The biggest culprit for escaping heat is the windows. Many of them have tiny drafts, and if they are single pane windows (like 6 of the windows in the super old house) then they have absolutely no insulation. That needs to be fixed.
Luckily, there’s an easy do-it-yourself solution to drafty windows, and that’s plastic. You can even get a DIY-window insulation kit for easy, no fuss insulation. We simply used plastic sheeting and double-sided tape. We probably don’t have as powerful of a seal as the kits with their heat seal, but the bedroom has been noticeably warmer since we put the plastic up. Losing the window is a small price to pay for saving all that warmth.
Another not so easy fix is to ensure that your home is properly insulated. As it turns out, there was hardly any insulation in our attic, and the stuff that was there wasn’t even rated for winter. Nice, right?
On the plus side, installing insulation isn’t that difficult. All you need is the right type of insulation, gloves, and a staple gun. Once you have those things, you just have to lay it out and staple it into place. That’s not too difficult now, is it?
The final thing we did to keep our heat in the house is seal off the doorways. We got all the materials for weather stripping our doors from Lowes, and you can click here to find out what kind you will need. Installing them was fairly easy – they just go in the creases of all the doors. I say it’s easy like I actually did the work myself, hint – I didn’t. It’s nice to have a partner who will help you with these things. He said it was easy. But either way, doing this ensured that the cold air couldn’t leak in from closed doorways.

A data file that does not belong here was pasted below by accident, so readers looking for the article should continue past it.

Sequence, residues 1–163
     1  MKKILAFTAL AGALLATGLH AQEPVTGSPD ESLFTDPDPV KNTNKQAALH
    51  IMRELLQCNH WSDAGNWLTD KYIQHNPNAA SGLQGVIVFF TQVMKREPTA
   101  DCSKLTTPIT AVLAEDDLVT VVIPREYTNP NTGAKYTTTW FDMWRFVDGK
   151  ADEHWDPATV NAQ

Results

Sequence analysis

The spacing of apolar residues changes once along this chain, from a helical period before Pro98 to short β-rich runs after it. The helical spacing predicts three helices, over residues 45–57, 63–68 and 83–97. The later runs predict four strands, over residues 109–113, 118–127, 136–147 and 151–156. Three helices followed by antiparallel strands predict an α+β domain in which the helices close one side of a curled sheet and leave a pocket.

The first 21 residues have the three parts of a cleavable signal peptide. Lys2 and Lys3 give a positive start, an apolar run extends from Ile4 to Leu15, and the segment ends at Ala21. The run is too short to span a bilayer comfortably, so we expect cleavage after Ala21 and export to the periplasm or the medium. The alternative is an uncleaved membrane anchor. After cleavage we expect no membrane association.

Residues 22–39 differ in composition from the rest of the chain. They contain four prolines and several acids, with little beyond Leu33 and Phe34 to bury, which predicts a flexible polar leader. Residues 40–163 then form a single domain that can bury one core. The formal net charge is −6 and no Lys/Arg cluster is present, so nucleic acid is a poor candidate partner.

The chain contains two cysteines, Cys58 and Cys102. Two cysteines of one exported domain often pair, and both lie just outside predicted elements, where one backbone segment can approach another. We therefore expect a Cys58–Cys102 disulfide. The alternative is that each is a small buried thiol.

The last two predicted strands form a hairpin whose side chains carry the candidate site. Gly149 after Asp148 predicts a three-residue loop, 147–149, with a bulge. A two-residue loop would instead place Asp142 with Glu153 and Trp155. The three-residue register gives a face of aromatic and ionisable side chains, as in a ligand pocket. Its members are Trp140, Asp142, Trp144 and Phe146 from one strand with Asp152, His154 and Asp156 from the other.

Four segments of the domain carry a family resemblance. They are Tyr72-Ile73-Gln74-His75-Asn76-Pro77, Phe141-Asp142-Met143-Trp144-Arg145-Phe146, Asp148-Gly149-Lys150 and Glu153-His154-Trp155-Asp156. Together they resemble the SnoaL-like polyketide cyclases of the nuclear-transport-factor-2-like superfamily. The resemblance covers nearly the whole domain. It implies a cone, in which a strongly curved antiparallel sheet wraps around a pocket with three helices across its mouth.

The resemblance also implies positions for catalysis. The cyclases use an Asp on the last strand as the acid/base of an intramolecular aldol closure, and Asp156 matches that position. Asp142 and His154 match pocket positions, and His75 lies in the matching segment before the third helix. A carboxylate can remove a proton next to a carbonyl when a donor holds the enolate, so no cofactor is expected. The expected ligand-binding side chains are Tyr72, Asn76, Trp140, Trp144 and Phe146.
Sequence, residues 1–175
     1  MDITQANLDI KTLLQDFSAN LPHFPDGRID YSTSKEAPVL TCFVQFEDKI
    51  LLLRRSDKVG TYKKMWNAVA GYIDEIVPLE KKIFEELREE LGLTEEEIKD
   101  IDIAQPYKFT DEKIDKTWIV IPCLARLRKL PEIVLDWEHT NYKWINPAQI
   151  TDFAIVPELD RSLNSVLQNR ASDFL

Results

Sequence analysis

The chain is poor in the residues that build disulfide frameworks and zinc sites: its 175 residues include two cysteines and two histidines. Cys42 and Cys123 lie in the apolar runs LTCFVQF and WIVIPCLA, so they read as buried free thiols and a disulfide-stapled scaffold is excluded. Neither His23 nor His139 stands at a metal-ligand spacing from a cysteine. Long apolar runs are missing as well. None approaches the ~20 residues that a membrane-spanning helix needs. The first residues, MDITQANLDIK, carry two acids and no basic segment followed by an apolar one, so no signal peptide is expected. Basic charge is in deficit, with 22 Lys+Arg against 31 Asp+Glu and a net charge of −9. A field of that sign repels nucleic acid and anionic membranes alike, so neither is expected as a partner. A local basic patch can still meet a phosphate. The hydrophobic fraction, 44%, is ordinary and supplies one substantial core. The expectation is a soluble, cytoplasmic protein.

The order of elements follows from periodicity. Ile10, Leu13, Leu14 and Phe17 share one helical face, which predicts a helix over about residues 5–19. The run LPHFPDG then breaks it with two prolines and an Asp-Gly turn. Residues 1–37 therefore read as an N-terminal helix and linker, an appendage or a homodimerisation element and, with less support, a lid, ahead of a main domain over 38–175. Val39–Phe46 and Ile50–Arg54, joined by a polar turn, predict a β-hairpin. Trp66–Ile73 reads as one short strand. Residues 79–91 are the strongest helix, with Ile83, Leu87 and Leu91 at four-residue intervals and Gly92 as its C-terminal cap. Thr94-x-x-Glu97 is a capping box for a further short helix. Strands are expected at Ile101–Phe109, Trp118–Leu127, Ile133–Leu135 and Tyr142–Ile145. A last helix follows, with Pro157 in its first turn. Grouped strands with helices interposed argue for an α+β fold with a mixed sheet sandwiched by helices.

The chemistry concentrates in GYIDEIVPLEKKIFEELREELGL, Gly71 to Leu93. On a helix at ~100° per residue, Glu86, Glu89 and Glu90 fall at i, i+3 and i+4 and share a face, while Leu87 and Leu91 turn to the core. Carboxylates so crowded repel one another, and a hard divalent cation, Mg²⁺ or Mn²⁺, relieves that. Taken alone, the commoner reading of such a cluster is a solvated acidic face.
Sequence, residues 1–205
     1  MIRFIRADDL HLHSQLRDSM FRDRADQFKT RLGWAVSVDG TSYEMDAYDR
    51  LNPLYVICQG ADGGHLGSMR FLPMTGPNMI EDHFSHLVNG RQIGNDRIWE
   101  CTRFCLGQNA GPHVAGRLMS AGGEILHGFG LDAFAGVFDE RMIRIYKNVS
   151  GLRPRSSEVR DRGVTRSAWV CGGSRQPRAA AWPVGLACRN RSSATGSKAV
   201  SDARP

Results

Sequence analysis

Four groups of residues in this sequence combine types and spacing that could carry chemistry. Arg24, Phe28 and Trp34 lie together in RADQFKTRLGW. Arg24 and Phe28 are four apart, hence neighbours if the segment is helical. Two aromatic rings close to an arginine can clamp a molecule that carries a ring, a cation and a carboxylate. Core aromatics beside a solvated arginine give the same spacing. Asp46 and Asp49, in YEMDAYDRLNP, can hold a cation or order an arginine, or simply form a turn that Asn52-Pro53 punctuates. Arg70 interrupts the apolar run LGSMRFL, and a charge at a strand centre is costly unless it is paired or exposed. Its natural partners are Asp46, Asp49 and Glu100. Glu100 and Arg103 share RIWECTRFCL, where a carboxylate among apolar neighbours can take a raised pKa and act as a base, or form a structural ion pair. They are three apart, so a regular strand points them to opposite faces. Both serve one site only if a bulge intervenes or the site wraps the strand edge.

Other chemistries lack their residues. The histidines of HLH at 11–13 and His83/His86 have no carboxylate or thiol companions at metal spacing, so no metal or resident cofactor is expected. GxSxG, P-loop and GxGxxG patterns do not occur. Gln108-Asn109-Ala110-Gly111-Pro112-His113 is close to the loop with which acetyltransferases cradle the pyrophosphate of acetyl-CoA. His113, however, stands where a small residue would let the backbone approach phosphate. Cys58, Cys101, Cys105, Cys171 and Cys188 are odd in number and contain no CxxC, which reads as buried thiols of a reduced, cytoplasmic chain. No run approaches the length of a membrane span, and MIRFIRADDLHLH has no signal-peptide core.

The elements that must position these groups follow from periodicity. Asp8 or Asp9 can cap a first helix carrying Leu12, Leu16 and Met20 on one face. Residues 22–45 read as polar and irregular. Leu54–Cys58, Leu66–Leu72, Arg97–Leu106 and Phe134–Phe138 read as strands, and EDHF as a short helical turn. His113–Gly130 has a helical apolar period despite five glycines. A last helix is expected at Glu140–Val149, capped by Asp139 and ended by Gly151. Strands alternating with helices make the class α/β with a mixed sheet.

Does Turning Down the Heat Save Money?
A lot of people like to keep the heat super low while they are away, and pump it up when they get home. The idea is that keeping it low all day will help them save money on heating. The other school of thought is that it’s not worth it – the energy saved from having the heat low all day is cancelled out by the energy that it takes to get the house to your ideal temperature. So which school is right?
The consensus is that if you are going to be gone for more than 8 hours, turning the temperature down actually does help! You should crank that baby down 10-15 degrees while you are away, and turn it back to the ideal temperature once you get home. But don’t turn it higher than the temperature that you want – that won’t really heat your home much faster and it will just waste energy.
What Should I set the Thermostat at in the Winter?
The ideal temperature for everyone is different. If you want to save money on heating, set the thermostat at a lower temperature than you would normally be comfortable with and follow some of my tips above to keep warm. You can also set it a bit higher if you have a super cheap or efficient heating system, or if you aren’t worried about heating costs.
But if you want to save a ton of money on heating, set it to the lowest temperature you can stand to remain comfortable. Like I said, the thermostats in my house are at a brisk fifty degrees! That’s warm enough that I can be comfortable with my blankets and tea, but also low enough that I won’t burn through all my oil in two weeks.
What are your Tips for Saving Money on Heating?
Since this is my first real winter, I’ve done all the things that the experts recommend and that I can think of. But, if you have any hot tips for how you’ve survived the winter without paying crazy amounts for heating, I’d love to hear them!